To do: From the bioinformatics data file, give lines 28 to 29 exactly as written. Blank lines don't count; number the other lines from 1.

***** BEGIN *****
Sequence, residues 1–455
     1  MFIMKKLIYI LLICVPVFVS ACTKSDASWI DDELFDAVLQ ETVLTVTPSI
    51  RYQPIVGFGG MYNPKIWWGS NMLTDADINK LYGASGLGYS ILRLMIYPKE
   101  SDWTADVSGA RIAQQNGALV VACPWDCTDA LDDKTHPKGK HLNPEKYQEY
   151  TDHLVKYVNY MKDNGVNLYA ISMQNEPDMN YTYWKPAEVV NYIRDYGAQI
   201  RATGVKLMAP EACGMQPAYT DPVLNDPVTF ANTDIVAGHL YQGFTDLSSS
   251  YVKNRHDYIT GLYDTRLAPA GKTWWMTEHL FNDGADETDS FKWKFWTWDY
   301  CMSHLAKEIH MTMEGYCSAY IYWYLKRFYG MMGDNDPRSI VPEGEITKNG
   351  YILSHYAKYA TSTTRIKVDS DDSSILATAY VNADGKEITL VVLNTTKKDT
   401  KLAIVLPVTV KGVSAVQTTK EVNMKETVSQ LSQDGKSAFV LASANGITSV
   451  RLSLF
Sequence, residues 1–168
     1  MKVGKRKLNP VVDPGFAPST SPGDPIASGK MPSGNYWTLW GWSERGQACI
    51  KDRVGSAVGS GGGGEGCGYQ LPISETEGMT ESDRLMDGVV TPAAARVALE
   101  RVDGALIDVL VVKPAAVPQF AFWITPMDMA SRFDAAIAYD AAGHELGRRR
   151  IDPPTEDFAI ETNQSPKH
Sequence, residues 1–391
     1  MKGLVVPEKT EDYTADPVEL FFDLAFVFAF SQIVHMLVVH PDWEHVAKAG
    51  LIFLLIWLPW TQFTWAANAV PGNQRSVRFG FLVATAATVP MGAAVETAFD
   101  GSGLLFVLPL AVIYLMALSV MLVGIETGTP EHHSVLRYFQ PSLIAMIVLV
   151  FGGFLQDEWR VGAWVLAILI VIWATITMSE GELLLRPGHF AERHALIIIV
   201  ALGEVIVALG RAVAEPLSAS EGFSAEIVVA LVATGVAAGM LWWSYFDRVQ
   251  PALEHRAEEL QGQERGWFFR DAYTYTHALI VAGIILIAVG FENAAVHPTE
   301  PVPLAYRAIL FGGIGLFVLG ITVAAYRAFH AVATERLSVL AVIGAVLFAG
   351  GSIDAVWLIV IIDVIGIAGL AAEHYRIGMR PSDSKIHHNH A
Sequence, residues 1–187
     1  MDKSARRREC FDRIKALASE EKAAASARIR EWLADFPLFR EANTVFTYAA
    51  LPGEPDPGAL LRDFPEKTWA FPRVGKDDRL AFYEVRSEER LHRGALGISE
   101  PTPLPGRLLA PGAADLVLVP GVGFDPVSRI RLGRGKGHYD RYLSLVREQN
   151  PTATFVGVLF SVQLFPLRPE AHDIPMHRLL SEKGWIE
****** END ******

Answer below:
    51  LPGEPDPGAL LRDFPEKTWA FPRVGKDDRL AFYEVRSEER LHRGALGISE
   101  PTPLPGRLLA PGAADLVLVP GVGFDPVSRI RLGRGKGHYD RYLSLVREQN